Somebody Save Me

Some days, I want someone to save me. Save me from myself and the quagmire of my mind. Years ago, when I descended to the bowels of madness and stayed there for near a year, a doctor finally correctly diagnosed me. He said, "She's lost in her own head."

Those memories haunt me. Lost in my own mind. I shiver at the slightest sign that the madness is creeping in again. It waits. Just outside the door sits the beast breathing heavily down my neck, pressing in so I can feel his presence. Never can I forget the weight of his possession, nor the fragility of the locks holding him at bay. Some days are better than others. Days when he stays quiet behind the door, sleeping perhaps, allowing me to feel secure. Then come the others. The days when he rattles the locks, beats the door, oozes through the cracks. His noxious scent begins suffocating me.

Those days, when the madness is restless, the world changes. Sounds get amplified and cacophonous. Lights shine too brightly, the sunshine hurts my skin and eyes, the colors and flashes of all the movement of life assault my senses. Sometimes it's so strong that I really do start suffocating (hyperventilating anyway). I feel trapped and rabidly try to escape the crashing noise and people crushing in from all sides. When I no longer think anything but the fear and escape and how hard it is to breathe.

But mostly, thanks to modern chemistry, the panic only hovers around me instead of attacking. I spend my days with a body locked in tension, mind cowering from the discomfort of my surroundings and imminent collapse of everything. Nothing is fun when you're on the precipice of panic. This state occurs in varying degrees for different lengths of time, maybe hours, days or months.

Now I'm in the thick of it again. The last few weeks have not been good. The beast is restless. I don't think I'm adjusting well to teaching again. I enjoy it (I used to.) But, performing in front of 3 classes twice a week drains every ounce of social energy I have. So when I'm done I crawl home to my bedroom and shut the door. I stay in for days. When the phone rings I shudder. Going out with friends is completely unappealing. When I do go out, I spend the whole time wanting to go home; waiting until I can escape the complicated confusion.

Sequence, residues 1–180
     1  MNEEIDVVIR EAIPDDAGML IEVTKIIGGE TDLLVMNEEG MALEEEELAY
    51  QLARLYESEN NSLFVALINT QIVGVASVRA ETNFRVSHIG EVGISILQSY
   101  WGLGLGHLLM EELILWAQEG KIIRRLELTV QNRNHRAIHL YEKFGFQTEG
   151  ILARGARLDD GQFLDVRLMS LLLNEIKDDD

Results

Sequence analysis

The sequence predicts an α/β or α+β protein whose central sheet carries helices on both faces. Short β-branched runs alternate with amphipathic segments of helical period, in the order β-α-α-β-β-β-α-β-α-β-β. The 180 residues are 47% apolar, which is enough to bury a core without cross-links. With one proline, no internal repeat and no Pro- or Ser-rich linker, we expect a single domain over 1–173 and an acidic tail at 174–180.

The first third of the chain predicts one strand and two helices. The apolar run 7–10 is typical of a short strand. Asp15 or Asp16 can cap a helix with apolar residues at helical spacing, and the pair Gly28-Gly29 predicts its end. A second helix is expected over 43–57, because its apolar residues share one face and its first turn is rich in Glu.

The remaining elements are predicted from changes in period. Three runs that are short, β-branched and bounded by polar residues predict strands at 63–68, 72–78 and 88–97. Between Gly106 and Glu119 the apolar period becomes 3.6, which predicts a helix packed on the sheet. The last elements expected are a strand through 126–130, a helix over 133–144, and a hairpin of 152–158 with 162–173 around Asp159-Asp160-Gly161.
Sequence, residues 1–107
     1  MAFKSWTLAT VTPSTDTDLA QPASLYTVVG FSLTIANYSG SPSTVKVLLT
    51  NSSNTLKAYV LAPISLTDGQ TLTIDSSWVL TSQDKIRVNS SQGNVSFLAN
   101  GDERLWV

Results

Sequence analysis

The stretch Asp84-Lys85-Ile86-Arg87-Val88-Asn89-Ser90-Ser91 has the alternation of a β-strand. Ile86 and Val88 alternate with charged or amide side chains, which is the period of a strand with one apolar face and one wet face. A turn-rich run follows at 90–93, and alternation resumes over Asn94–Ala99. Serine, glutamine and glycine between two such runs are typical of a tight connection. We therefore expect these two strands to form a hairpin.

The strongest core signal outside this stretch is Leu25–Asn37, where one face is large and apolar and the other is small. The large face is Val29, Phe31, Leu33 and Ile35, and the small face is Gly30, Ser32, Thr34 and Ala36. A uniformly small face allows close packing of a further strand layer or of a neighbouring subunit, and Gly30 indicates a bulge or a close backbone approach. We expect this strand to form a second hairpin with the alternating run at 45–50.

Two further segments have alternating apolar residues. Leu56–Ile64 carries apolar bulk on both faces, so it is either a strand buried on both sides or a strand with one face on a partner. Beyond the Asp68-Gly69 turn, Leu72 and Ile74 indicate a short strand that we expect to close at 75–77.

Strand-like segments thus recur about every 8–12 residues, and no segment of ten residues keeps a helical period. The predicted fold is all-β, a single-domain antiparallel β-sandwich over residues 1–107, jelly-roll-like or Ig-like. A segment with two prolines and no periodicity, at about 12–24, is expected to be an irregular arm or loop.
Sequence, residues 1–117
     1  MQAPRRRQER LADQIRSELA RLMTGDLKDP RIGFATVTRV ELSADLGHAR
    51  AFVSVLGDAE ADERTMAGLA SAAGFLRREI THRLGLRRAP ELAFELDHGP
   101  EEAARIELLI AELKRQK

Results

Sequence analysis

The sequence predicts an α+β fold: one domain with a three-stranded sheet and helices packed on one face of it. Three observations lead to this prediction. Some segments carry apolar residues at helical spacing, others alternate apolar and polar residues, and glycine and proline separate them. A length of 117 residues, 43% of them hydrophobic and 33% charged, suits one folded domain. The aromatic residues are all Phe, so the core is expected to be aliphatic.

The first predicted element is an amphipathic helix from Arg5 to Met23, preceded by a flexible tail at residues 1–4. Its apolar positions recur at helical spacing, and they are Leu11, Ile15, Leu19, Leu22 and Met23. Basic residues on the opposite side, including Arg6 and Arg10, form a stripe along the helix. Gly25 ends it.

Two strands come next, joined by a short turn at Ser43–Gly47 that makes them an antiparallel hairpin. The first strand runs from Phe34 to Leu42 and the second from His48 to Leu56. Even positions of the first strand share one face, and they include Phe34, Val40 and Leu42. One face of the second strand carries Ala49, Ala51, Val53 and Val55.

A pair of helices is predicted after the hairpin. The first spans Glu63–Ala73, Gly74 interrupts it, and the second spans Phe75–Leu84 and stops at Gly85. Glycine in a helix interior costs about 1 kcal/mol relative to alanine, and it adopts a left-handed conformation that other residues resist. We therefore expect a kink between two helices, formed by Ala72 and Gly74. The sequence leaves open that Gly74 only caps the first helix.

This intensified withdrawal and social allergy is new, only manifesting in the last year... and when I was mad. My mental disease might be worsening or mutating. But it might be the stress and nothing more. Maybe it's the city, too much stimulation, too many people, too much hassle, too much isolation. I'm nowhere near as depressed as I was then, I don't feel depressed at all. It's the irrational fear that's overpowering. It reminds me of when I was too sick to dress myself in the morning.

There are some people who would be happy to save me. But I can't call them. I don't know why. It's easier to sit in my room with my thoughts then deal. Wasting myself away chasing the next chimera of imagination. Not wanting to go back to the messy demanding world, all the while knowing I'll starve in here on my own. Lost in my own mind.

It's been weeks since another human has touched me affectionately. Maybe I just need a hug, (a real one, getting squished on the subway between people doesn't count). Somebody save me?

**[UPDATE: I wrote this on Saturday. On Sunday 3 of my friends (those who would save me) called wanting to see me, answering my prayers. I'll be OK. I get into these moods and then they go away.]**

Come back for more TRUE stories of the strange, sad and pathetic exploits of me not having sex in the city.